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Friday, December 23, 2016

Christmas Cookies 2016: Bar Cookies

Aside from brownies, I think the only time I made bar cookies is at Christmas.

Probably because the recipes make entirely too many cookies, and I either eat them until I’m sick, or they go to waste (or Michael eats too many).

 

Christmas Cookies by Oxmoor House

Cranberry-Caramel Bars

I follow this recipe only vaguely–primarily I just drizzle the caramel over the shortbread and cranberries, and then sprinkle the other bits on top.

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Fine Cooking Cookies: 200 Favorite Recipes for Cookies, Brownies, Bars & More by the Editors of Fine Cooking

Cranberry Streusel Shortbread Bars

This is my first year making these, and I think they need some work as far as presentation. The dough is gloopy like a drop cookie, rather than sandy like a shortbread cookie. But if they taste good, I’m willing to tweak the recipe.

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Simply Sensational Cookies by Nancy Baggett

Praline-Pecan-Coconut Bars

OMG. I love these so much. I like to trim the edges off because it makes the bars neater, the cookies fit back in the pan better once sliced, and because then I have to eat those edges, since they won’t fit into the pan neatly.

20161222_Christmas_Cookies_011

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The Books of 2016: Fantasy

These are some of the better fantasies I read this year, most of them falling into the urban/supernatural category, but with a couple historical fantasies thrown in (from when I couldn’t find a historical mystery I wanted to read).

 

Supernatural and Urban Fantasy

Paul Cornell : Lychford
These are two utterly delightful urban fantasy novellas. The three main characters are women, one of whom, Judith, is elderly. All are strong characters—and highly amusing.

“You said he was a being of tremendous power and evil, but I’ve looked him up. He’s got a wife and family. He’s on LinkedIn.”

The telemarketers who called her up now seemed either desperate or resigned to the point of a mindless drone, until Judith, who had time on her hands and ice in her heart, engaged them in dark conversations that always got her removed from their lists.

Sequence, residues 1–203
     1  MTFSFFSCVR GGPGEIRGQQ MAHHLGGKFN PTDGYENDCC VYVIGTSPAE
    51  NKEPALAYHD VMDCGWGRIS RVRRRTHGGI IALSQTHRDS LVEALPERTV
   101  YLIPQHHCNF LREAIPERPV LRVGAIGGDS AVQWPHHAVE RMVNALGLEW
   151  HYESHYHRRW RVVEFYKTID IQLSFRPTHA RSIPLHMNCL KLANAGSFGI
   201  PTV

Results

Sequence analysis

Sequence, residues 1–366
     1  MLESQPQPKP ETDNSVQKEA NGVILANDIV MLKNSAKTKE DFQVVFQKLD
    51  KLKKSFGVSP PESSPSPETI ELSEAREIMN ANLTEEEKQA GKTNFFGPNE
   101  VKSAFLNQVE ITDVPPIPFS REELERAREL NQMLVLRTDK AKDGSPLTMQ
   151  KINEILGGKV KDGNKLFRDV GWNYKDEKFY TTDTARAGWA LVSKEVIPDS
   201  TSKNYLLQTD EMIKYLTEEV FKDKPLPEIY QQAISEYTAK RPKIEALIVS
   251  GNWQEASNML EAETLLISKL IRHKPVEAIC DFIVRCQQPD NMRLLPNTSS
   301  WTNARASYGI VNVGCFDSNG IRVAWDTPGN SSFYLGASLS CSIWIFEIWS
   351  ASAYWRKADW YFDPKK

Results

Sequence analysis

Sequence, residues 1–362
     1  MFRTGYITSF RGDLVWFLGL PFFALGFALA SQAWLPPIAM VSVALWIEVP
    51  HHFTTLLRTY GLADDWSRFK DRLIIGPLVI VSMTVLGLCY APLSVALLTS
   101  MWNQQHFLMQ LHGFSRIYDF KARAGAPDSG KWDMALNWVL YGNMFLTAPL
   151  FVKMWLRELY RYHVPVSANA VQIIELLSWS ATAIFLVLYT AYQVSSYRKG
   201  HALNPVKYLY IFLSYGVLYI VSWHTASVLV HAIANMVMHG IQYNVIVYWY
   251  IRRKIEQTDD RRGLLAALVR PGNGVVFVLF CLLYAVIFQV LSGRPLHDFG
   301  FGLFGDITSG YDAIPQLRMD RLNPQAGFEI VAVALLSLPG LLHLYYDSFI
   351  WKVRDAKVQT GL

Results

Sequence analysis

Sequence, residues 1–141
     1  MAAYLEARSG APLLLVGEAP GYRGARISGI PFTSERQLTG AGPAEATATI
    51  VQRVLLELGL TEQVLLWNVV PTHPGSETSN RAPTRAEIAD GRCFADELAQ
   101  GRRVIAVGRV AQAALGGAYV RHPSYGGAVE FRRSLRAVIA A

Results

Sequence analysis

Witches of Lychford (2015) Paul Cornell  10/10
The Lost Child of Lychford (2016) Paul Cornell  9/10

Shadow Police
Paul Cornell’s other series is very different from his Lychford series; I can see that it may well not be to everyone’s taste. I, however, really like it.

This is the second book in his Shadow Police series, and although you could read it on its own, I think you’d be better served going back and reading London Falling first, because a LOT happens in that first book.
The Severed Streets (2014) Paul Cornell  9/10

 

Charles de Lint : Newford
Charles de Lint is one of my favorite authors.

He writes urban fantasy—magic/fae exist, but they’re not the super-sexy, uber powerful creatures of supernatural fantasy. The magic in his books is that of folklore and myth—the Green Man, the Raven. It is the magic that exists just out of the corner of your eye.

Charles de Lint also writes some of the strongest female characters of any fantasy writer today. And I read a LOT of fantasy with female characters. His women are faliable creatures with whom you’d love to have coffee or go to a show with.

But these are not children’s stories any more than the original Grimm’s tales were stories for modern children. There are often monsters in his stories, but they tend to be human.

How can a smile, a laugh, a good deed, stand up against the weight of such a history?”

“I… I guess it can’t,” Jilly said. “But you still have to try.”

“Why?”

“Because that’s all you can do. If you don’t try to stand up against the darkness, it swallows you up.”

And I adore the Crow Girls.

 “And now I feel like I’m forgetting what it’s like to be happy,” I said, finishing up. “It’s like that stupid ghost boy stole all my happiness away, and now, ever since I talked to him, all I meet are unhappy people with very good reasons to be unhappy, and that makes me wonder, how could I ever have been happy? And what is being happy, anyway?”

Zia gave a glum nod. “I think it might be catching, because now I’m feeling the same way.”